Why did Moshe Rabeinu pray only for Yehoshua and not for Kalev?
(a) The simple answer is that a Rebbi's prayers are far more potent when he prays for a close Talmid. Yehoshua, who was a close Talmid of Moshe Rabeinu, would be protected by the prayer of his Rebbi. In contrast, Kalev -- who did not have the same relationship with Moshe Rabeinu -- needed to pray for himself since Moshe's prayer would not be as effective for him.
This is also why Kalev was granted a specific reward for his righteousness, the city of Chevron, while Yehoshua received no specific reward. Since Kalev had to struggle with his Yetzer ha'Ra and pray from the depths of his heart in order to reject the plan of the Meraglim, he was rewarded. Yehoshua never entertained any thoughts of joining the Meraglim because Moshe Rabeinu had prayed for him. Since Kalev's struggle was greater, he was rewarded. (See ALSHICH to Bamidbar 14:22; OR HA'CHAIM to Bamidbar 14:24.)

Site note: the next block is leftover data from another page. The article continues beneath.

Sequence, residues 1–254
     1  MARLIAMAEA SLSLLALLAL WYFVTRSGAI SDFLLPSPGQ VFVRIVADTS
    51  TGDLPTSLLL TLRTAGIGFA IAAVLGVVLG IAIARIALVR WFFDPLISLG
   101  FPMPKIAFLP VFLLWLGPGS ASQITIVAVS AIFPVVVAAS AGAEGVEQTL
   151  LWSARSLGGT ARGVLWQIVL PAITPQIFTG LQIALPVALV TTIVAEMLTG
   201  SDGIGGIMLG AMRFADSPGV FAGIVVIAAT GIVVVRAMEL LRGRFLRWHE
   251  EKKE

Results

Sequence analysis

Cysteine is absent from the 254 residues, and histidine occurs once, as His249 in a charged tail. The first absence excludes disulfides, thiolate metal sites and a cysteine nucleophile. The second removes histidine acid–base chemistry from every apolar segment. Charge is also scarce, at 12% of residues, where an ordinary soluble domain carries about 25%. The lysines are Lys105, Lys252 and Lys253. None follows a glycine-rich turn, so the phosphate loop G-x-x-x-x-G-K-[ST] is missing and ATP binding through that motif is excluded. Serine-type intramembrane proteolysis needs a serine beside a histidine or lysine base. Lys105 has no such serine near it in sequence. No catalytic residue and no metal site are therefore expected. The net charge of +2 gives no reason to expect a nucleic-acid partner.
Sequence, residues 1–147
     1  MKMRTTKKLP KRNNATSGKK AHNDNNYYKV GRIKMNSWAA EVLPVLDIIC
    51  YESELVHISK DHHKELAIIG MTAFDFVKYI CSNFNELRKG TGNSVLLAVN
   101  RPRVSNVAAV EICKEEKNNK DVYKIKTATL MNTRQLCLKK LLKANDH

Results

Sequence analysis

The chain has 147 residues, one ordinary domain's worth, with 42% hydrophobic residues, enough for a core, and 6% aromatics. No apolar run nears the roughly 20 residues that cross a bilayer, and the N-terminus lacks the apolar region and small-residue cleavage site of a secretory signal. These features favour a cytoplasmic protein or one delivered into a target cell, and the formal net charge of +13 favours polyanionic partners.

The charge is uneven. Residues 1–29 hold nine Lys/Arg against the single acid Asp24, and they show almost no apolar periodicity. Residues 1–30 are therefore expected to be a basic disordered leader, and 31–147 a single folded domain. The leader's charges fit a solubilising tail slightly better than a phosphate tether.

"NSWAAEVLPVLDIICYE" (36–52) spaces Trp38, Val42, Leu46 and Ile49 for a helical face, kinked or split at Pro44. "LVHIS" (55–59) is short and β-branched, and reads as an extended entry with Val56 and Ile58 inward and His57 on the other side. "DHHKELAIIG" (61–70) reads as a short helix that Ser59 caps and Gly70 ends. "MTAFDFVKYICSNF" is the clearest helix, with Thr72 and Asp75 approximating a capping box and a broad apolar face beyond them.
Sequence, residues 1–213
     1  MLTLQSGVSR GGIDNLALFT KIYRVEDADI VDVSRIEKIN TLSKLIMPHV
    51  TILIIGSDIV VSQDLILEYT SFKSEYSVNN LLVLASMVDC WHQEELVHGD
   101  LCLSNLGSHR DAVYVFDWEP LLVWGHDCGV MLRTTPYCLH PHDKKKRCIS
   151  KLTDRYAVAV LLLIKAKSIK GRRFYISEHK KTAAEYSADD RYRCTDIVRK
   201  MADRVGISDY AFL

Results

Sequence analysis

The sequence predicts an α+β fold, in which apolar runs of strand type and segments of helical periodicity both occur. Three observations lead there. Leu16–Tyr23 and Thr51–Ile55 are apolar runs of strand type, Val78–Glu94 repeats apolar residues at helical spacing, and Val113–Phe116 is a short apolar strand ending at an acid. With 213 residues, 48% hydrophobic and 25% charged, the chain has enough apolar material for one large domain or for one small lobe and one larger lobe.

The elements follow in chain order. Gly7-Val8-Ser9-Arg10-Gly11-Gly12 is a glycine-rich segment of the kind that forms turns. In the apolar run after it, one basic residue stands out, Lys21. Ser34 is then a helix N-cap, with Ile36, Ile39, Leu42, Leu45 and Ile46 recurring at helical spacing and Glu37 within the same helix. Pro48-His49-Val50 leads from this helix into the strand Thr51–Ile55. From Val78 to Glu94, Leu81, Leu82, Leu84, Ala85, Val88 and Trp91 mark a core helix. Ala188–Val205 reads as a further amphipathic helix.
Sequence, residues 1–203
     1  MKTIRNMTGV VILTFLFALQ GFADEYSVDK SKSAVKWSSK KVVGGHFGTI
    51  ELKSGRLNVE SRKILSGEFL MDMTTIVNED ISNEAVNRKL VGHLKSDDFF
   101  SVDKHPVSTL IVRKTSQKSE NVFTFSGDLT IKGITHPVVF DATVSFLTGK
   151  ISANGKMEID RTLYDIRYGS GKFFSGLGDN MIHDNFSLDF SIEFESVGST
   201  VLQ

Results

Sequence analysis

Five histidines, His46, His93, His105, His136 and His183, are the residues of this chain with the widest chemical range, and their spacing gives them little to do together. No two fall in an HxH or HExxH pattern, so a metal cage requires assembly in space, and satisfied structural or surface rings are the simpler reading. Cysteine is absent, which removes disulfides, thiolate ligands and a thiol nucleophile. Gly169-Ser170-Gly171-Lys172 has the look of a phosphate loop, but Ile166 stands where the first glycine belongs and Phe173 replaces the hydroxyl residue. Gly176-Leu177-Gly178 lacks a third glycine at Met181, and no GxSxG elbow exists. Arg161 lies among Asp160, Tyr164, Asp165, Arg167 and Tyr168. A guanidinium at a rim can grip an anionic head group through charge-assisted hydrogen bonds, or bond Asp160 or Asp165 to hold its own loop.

(b) The CHAFETZ CHAIM (Parshas Shelach) suggests a different approach. He says that there are two types of Tzadikim. One Tzadik protests loudly as soon as he sees anyone do something wrong. The other Tzadik does not say anything, but instead he waits for the opportune time to speak up and explain to the wrongdoer what he did wrong in order to influence him to do Teshuvah.